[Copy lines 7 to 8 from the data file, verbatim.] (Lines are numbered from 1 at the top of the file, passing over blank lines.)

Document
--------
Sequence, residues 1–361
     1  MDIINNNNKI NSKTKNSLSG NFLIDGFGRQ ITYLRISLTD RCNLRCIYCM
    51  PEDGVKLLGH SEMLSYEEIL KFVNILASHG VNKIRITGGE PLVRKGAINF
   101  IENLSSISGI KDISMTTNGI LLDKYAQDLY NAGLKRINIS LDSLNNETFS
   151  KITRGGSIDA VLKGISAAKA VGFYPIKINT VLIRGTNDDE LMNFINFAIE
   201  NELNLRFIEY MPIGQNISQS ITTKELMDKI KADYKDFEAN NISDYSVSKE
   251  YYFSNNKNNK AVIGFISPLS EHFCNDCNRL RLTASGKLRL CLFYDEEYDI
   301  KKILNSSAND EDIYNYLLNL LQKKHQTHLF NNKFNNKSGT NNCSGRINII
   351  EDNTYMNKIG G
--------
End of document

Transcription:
   251  YYFSNNKNNK AVIGFISPLS EHFCNDCNRL RLTASGKLRL CLFYDEEYDI
   301  KKILNSSAND EDIYNYLLNL LQKKHQTHLF NNKFNNKSGT NNCSGRINII